May 12 is International Nurses Day, which commemorates and honours the important work that nurses do.
It is no coincidence that this date is Florence Nightingale's birthday. She is the founder of modern nursing and a figure who has greatly influenced healthcare since the 19th century.
In Singapore however, Nurses' Day falls on August 1.
Why August 1?
When Stamford Raffles arrived in Singapore in 1819 to establish a trading port, a skeletal medical team accompanied him.
As the port thrived and the demand for medical facilities grew, there was a need for better healthcare facilities and more trained personnel.
The primary challenge faced by hospitals was the shortage of trained healthcare professionals. Nursing duties were carried out by apothecaries (equivalent to the modern-day pharmacist), orderlies, dressers (specialising in wound dressing) and even unwilling chained convicts.
The demand for female caregivers increased.
In order to meet these challenges, a plan was proposed to train the French nuns from Convent of the Holy Infant Jesus (CHIJ) because they were seen as the only educated European women in Singapore who could undertake this task.
On August 1, 1885, the nuns began nursing duties in the General Hospital at the Sepoy Lines in the Outram area.
August 1, 1885: An important beginning
With the commencement of their duties, the nuns kickstarted the development of nursing as well as the recruitment and training of professionally trained nurses in Singapore.
Initially, professionally trained nurses were mostly recruited from overseas due to the low levels of education among local women. However, the severe manpower shortage in nursing meant that locals would eventually have to be trained.
In 1910, the first course for Asian midwives began. Six years later, in 1916, hospitals started having formal training courses for student nurses. These courses adopted the British curriculum for education, and provided an organised structure to the training.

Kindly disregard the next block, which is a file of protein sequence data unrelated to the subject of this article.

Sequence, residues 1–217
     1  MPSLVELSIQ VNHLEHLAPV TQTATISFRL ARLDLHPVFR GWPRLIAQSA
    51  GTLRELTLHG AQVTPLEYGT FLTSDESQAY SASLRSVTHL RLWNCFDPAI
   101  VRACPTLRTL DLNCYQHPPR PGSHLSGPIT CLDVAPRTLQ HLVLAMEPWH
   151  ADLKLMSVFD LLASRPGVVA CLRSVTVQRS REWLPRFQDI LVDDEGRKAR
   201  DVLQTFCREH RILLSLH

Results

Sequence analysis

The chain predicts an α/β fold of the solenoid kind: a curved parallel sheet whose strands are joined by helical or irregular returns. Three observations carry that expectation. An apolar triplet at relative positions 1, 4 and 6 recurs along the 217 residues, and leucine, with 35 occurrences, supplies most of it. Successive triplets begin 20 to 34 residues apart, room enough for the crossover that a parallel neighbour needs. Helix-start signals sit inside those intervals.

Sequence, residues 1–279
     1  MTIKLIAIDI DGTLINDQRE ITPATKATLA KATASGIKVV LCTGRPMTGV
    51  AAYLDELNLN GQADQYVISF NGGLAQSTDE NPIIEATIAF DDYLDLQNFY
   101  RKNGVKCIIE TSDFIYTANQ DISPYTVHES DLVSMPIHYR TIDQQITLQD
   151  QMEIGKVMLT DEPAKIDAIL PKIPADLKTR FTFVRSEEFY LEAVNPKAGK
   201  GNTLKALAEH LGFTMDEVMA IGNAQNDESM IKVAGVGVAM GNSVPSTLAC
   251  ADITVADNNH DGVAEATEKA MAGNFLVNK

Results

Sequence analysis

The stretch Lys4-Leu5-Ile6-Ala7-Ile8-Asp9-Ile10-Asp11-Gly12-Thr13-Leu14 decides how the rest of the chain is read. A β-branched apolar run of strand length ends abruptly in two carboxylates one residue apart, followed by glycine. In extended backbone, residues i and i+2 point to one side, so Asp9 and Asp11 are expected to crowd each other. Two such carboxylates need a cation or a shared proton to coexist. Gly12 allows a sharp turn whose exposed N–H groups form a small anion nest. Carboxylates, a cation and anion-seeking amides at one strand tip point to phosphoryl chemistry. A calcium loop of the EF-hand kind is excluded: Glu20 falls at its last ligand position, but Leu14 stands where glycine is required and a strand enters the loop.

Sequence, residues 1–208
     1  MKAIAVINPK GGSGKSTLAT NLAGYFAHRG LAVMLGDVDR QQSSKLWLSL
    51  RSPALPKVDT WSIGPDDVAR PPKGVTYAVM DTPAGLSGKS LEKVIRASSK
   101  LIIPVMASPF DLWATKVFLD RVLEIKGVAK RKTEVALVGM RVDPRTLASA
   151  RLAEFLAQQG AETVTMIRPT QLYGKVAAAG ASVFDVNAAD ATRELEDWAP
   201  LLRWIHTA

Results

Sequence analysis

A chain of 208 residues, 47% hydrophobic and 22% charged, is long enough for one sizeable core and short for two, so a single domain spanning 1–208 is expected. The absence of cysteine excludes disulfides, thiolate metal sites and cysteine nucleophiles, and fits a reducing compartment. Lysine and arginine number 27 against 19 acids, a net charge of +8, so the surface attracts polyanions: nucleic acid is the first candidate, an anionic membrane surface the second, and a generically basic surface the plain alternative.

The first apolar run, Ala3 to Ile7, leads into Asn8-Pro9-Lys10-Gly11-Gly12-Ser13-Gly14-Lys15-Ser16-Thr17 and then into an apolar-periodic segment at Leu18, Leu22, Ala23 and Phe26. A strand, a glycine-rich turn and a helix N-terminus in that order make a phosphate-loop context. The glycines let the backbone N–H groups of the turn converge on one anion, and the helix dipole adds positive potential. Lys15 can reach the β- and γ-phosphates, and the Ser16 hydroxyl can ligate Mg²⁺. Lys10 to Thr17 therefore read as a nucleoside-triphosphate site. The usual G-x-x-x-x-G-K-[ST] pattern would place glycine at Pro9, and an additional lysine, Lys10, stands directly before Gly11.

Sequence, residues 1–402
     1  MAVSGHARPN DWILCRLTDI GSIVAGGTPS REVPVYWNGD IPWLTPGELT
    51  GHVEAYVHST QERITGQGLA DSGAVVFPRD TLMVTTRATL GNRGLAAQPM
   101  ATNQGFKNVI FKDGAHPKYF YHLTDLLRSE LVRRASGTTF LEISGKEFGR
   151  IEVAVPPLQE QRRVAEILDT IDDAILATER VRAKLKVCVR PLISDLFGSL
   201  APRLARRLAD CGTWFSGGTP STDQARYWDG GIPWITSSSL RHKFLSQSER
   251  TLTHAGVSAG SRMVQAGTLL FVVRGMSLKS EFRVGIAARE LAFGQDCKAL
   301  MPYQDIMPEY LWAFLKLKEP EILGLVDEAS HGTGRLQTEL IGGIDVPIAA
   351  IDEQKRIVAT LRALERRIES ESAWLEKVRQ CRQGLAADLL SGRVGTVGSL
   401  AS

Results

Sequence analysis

Training courses were available at hospitals such as St. Andrew's Mission Hospital, General Hospital and Kandang Kerbau Hospital (KKH). Here is a photograph of some nurse trainees at St. Andrews:
Nursing entailed long hours and only one to two rest days per month, which made the recruitment of candidates difficult.
However, what really deterred most women from joining the profession in the early days was that nurses working for government hospitals were not allowed to get married. It is unclear how long this rule was in place though, but we are glad it no longer stands today.
Today, there are over 40,000 nurses/midwives in Singapore, but the challenges remain.
With a rapidly ageing population, the profession is still struggling to keep up with the demand for nurses to provide care for the sick and the elderly.
Compared to the handful of nuns that began nursing duties in Singapore during the late 1800s, nursing in Singapore has indeed come a long way, but the profession's mission will never end.
Top image from NAS.